Hélène Darroze’s third restaurant is scheduled to open in Moscow at the end of October this year. Reena Pastakia squeezed into her busy schedule to find out more about her new venture.
By Reena Pastakia
I felt an unexpected sense of meditative calm when I entered the kitchen at the Connaught Hotel in the heart of London’s Mayfair. It wasn’t that the kitchen was empty – in fact our interview was at 6.30 pm, just before the evening service – but that everyone was at their stations quietly preparing for the night ahead. There was a low murmur of chatter but none of the stress and adrenaline usually associated with restaurant kitchens. In fact, chefs starting work in Hélène’s kitchens often comment on the ambience and are even more surprised when she does not allow her employees to call her “Chef”, preferring them to use her first name. Hélène suspects that the atmosphere is a result of her ethos that “It is much better to explain than to shout and to put stress [on people]. It comes from me and is very personal. It is a question of respecting people”. She initially suggests that this may be a feminine trait but then reflects that she knows many female chefs who don’t have this attitude.
Hélène herself is direct and focused. When I ask her how she manages to run two restaurants in two countries as well as looking after her adopted children, she attributes it to having a strong team in each location as well as her own organization and lots of passion. She currently divides her time between London and Paris but with a third restaurant scheduled to open at the end of October in Moscow I wonder if this may be a step too far.
Hélène has no such qualms however and intends on only spending three or four days every two months in Moscow. Instead of worrying about the extra workload she is clearly excited “It is a special restaurant – a combination between a jewellery shop and a restaurant in a special house in a historic area of Moscow”. Having returned from Moscow just the day before, she looks a little tired but her enthusiasm is infectious “It is a big adventure because Moscow is a crazy city and it’s very exciting and I love the experience” Despite the unusual location of the restaurant the food itself will be fine dining in the same spirit as in Hélène’s existing restaurants.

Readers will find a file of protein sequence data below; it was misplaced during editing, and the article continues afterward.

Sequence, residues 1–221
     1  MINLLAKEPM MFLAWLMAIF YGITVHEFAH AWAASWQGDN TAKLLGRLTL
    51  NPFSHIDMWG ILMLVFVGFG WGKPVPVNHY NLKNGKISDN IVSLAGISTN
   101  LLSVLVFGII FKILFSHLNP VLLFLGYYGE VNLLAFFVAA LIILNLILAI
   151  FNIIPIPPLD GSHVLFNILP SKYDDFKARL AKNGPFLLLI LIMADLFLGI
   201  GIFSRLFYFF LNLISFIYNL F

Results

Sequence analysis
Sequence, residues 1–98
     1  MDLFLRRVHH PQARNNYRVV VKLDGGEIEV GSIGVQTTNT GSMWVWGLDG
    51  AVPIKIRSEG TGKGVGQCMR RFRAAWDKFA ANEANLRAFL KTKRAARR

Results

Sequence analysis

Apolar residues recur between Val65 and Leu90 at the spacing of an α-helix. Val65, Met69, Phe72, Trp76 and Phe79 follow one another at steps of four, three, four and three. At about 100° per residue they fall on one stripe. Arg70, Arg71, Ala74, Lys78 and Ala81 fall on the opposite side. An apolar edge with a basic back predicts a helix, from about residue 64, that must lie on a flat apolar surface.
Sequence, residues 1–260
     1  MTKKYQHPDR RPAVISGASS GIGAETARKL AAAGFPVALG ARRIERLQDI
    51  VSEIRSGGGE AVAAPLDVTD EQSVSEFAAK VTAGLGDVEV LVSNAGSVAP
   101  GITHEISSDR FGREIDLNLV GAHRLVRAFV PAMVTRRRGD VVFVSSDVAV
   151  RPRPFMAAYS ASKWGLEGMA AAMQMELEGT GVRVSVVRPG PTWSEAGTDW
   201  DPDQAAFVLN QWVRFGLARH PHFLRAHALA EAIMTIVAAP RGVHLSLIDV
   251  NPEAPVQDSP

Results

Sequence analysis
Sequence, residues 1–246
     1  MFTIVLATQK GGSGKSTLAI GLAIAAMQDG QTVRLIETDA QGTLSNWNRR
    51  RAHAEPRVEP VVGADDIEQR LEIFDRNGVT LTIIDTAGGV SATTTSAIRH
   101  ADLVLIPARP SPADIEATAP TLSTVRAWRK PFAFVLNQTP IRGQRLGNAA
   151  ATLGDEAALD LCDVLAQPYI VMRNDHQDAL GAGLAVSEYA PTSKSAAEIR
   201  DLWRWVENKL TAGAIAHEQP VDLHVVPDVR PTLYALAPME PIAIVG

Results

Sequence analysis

Given that she splits her time between London and Paris she is in the unusual position of being able to compare the two with the inside knowledge of a resident. Whilst she acknowledges their differences she talks passionately about both “– London is eccentric with a lot of energy. Paris is classic, stable, sometimes a little pessimistic you can say also. It is very difficult to say which I prefer. I like London because I can come back to Paris often but also I love these escapes to London every two weeks”.
Hélène believes that the personalities of the cities are reflected in the cuisine “London is more eclectic, more fun, a lot of concept, very high level of cuisine in world cuisine – the Japanese restaurants are amazing. If you take the best Japanese restaurants in London and Paris there is a huge difference and the same for Chinese. But Paris remains the leader and the top for gastronomic cuisine”.
When she lists her favourite places to eat in London it is Japanese food that features more than any other cuisine. Umu, Hakkasan and Zuma are all mentioned but then, just as I’m about to suggest that she tries some of the Indian food for which London is renowned, she adds Benares and Amaya to her list. She obviously enjoys fine dining but I’m suddenly curious about whether her daughters enjoy food this sophisticated. “…they love food. They love eating, they love having experiences around food and that’s the main thing.” However she does admit that they also enjoy casual dining and that “Sometimes – not very often – but just to please them we will go to McDonalds”.
Then, all too quickly, she rushes away to have her photograph taken while I am left behind in her office to observe the paradox of a quiet and calm hotel kitchen in the centre of London.
Reena grew up thinking Indian cooking was a dark art where the quantities of spices required in each dish were innately known to a chosen few. It was only after she married an Englishman with a voracious appetite for Indian food that she started phoning home for cooking tips. She started her blog (coconutraita.com) in an attempt to document her family’s recipes and make Indian cooking accessible to all.